I went to the grocery and got cigarettes and a cake. Sat in the parking lot with my oreo cake. Had a few fingers full of frosting before I was disgusted enough with myself to dump the rest of the cake onto the parking lot and took off to drive aimlessly and enjoy blackening my lungs. 

Btw, the new flame retardant shit they put in cigarettes... bullshit. It's fucks with manual dexterity. Frankly, if some fucker is dumb enough to fall asleep with a cigarette in their mouth they probably deserve to get burned.

Monday, December 13, 2010

I'll take an order of Happiness please, with fries on the side...

Honestly, I love the idea of choosing to alter my brain chemistry. It's the ultimate expression of choosing who you want to be, even ahead of what your biology says. To not be sad, detached, depressed, anxious, I like the concept. I choose to be a happy loving person, please, with an order of fries on the side. 

People often have mixed feelings about medication that alters brain function. I know many that dislike the idea of meds that affect the brain, drugs that tinker with mood and personality. Personally, offense intended or not, when people say they are averse to the idea of tinkering with things that affect your brain, it's usually because they've never had problems serious enough, for long enough durations, that it becomes something crucial. Consideration is no longer given pause. 

I don't actually believe that BPD is a treatable disease. It's not something like Bipolar that you can measure, track and throw lithium at. BPD is more of a categorical Label that encompasses a whole group of problems. So it's not the BPD that is being treated but the identifiable symptoms like depression, anxiety, eating disorders, dissociation, etc. that my psych is trying to treat for.

I fought medication my entire life. Well, since I was 12 and it became apparent to me that I was not exactly normal. I also fought therapy, but that's a tale for a different day. 

I think in many people's life, they hit a point where something drastic must be done or there won't be a tomorrow for something drastic to be done in. Along with my BPD and Dissociative diagnosis. I am also Major/Clinical Depressive. This was also the only consistent diagnosis I’ve ever been given {therapy and diagnosis are a post for different times).Suicide has never been an option for me. I don’t believe in an afterlife. There is no god saint to welcome me through pearly gates. It was more like slipping into ambivalence. I don’t want to die, but if something were to threaten my life, I might not do anything to stop it. Nothing dramatic, just, numb. This life is all I have, so when I begin to lose attachment to the only chance I have, it’s time for something new to be tried.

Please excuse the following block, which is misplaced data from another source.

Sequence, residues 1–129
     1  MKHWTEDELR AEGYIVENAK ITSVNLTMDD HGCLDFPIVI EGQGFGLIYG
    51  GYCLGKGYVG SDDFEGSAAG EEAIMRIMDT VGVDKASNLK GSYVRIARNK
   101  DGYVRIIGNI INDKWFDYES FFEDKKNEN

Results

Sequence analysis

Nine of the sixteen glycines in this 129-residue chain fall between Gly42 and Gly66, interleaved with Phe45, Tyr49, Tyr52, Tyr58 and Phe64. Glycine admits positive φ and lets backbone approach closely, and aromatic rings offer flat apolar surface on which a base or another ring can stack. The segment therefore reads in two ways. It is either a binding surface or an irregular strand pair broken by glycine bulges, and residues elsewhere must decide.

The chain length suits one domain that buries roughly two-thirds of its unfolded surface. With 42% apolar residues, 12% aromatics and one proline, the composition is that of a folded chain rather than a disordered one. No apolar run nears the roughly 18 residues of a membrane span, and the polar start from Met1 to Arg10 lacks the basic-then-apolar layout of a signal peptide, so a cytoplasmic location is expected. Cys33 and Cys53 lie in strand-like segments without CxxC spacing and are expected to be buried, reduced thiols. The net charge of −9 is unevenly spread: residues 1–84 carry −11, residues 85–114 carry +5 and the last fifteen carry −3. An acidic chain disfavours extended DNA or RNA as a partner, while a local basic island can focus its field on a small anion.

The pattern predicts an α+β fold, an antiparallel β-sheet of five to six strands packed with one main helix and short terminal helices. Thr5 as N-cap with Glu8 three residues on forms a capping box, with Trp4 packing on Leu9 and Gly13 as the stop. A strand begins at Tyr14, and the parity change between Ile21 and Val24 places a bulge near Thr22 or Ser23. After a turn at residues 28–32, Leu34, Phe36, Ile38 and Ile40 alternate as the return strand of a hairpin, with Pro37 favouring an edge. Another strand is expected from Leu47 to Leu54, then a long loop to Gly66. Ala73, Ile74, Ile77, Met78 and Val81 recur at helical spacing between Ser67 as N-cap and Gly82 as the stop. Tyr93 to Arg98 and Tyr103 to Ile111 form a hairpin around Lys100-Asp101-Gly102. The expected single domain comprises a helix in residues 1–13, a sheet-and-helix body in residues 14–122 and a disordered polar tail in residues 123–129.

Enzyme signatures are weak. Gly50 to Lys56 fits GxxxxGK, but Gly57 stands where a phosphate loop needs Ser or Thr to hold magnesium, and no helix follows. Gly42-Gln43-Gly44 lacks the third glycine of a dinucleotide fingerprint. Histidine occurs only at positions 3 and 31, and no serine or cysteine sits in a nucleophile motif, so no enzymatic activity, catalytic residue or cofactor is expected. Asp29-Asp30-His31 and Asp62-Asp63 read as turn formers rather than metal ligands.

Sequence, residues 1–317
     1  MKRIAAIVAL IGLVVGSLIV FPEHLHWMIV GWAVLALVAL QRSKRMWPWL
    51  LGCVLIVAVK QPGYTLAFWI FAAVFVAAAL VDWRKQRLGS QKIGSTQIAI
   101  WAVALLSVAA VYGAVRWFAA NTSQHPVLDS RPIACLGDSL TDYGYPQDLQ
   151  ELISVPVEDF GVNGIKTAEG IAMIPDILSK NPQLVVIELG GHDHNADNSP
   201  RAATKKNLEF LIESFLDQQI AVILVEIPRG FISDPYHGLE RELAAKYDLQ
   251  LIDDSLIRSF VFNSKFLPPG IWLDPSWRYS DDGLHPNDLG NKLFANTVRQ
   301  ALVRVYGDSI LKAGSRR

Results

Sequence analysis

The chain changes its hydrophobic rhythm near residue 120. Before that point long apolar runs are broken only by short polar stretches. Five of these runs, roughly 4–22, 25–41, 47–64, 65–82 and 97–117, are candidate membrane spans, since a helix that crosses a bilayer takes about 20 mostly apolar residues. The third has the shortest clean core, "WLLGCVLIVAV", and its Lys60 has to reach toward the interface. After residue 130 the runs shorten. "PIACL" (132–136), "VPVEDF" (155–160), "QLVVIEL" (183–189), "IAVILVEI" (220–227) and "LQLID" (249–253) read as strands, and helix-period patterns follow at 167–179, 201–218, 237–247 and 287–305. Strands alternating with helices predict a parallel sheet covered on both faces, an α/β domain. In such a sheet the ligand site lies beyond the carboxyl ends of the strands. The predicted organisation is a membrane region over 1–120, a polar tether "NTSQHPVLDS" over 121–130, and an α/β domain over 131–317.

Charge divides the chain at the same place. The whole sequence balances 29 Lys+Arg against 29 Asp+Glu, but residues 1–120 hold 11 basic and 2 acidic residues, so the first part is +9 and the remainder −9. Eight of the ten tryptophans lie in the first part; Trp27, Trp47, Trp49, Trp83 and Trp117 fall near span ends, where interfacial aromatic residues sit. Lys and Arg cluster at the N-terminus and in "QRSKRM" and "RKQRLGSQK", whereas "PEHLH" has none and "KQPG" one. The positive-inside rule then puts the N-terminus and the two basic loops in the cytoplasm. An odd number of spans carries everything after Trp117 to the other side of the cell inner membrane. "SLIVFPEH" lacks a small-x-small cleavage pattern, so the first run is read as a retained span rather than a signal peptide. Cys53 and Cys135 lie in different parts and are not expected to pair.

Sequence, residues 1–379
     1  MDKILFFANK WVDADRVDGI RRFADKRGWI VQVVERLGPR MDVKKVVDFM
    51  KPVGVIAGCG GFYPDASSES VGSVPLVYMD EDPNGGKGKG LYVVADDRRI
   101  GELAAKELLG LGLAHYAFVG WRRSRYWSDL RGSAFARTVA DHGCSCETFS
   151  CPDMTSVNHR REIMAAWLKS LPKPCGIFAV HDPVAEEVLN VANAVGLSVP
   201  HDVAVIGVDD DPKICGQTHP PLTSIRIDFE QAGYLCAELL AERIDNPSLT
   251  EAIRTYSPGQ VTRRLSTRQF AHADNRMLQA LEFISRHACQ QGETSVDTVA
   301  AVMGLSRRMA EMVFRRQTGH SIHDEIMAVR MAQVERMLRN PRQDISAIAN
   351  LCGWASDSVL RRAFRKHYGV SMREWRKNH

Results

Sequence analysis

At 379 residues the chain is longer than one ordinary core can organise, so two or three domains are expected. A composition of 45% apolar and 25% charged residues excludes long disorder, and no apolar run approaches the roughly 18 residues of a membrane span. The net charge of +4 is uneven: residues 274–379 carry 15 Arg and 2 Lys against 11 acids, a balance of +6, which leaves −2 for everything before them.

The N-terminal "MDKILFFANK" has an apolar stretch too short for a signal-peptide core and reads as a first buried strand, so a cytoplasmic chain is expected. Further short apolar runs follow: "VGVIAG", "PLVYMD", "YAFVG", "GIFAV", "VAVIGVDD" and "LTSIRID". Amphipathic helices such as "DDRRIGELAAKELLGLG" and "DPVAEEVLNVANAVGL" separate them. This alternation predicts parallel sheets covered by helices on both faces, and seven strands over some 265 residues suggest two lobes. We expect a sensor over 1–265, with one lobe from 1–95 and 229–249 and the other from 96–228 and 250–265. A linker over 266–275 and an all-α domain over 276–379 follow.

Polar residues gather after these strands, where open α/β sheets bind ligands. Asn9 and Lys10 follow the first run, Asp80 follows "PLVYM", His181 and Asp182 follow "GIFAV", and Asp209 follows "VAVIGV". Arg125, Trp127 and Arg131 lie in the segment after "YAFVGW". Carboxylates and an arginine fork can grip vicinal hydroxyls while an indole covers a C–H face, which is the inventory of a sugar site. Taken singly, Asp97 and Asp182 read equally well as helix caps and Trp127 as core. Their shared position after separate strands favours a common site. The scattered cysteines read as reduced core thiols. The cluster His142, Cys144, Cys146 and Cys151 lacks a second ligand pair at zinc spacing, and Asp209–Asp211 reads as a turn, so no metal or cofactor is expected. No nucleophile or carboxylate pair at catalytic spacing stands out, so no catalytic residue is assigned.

I don’t roll over so easy. So finally, FINALLY, I accepted help and braved the roller coaster of mind altering drugs.

I’ve tried Lexapro, Zoloft, Klonopin and Xanax. Klonopin and Xanax work wonders for my anxiety but they knock me out. But hey, it’s hard to be anxious when you’re unconscious. Lexapro zapped my ability to orgasm. To me, this is unacceptable. Sex is one of the few things I derive unadulterated pleasure from. Not that just the act itself isn’t fun, but I’m not willing to feel nothing from the waist down for the rest of my life. I’m sure you understand. Zoloft worked fine while there was nothing to bother me, which is to say, it didn’t work at all. After being on Zoloft for a week I was in the Psych ER (story for a different day). Once again, I bottomed out and went back to my Dr. After the initial round of standard questions he asked me why I’d come to him and not straight to the Psych ER.

Have you ever been to the Psych ER? It’s a shithole wrapped in cellophane. No thanks. But I didn’t tell him that. He directed me to call a psychiatrist. I started seeing a therapist the next week, and a week after that finally managed to find a psychiatrist. Dr. T is my Therapist, Dr. P is my Psychiatrist. So after a trial round of a new drug, Dr. P has decided to up my dose of Symbyax. It’s a combination anti-psychotic and SSRI. Since I have a personality and mood disorder , along with sleep issues and eating, anxiety, laundry list o’problematicas, this drug is meant to stabalize my moods to a baseline norm while also working on my seratonin levels to eliminate my depression…. It’d had some affec ut not nearly enought. Today I saw Dr. P for the second time. He upped my dose.

What’s the cost of sanity you ask? Really fucking high. My mother may feel my life is priceless, but my insurance company only thinks it’s worth about $150/month.

That’s what you get when all you are is a number in their system. For the price I’m paying, beyond what my insurance covered, I better see results. You’ll be sure to know if I don’t. 

A disease called Friendship - Checklist Criteria 1: Abandonment

I will begin my look into the specific criteria listed in the DSM IV that qualify one as having BPD. Once I take a technical look at what it means to be me, I will branch off into the personal, the gritty, the mundane and macabre.

For those not in the know, the DSM IV is the experts guide into madness. It is the Diagnostic and Statistical Manual for Mental Illness. This is what psychiatrists, thereapists, councilors, doctors, etc. reference in order to pinpoint a diagnosis and ultimately, bill your insurance company.

First up on the DSM Checklist for BPD is:

1.) Frantic efforts to avoid real or imagined abandonment. Note: Do not include suicidal or self-mutilating behavior covered in Criterion 5.

Abandonment issues. If there's one thing that makes us sound like clingy, lonely, emo-kids, it's probably this. Someone never loved us enough not to leave. Did not see us worth the effort to stick it out for. So how do you keep people from leaving? You crawl under their skin until you are so fused with their being there is no longer the chance of escape. False.